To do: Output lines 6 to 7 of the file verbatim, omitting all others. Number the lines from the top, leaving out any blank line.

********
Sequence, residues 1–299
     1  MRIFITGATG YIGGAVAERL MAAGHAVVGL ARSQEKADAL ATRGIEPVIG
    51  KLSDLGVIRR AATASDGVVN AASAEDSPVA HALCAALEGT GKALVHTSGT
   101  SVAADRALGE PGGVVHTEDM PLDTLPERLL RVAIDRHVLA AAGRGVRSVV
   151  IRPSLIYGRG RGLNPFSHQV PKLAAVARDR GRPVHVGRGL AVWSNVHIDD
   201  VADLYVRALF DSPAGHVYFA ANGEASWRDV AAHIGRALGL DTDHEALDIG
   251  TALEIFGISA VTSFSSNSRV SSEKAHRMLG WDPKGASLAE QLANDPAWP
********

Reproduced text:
   201  VADLYVRALF DSPAGHVYFA ANGEASWRDV AAHIGRALGL DTDHEALDIG
   251  TALEIFGISA VTSFSSNSRV SSEKAHRMLG WDPKGASLAE QLANDPAWP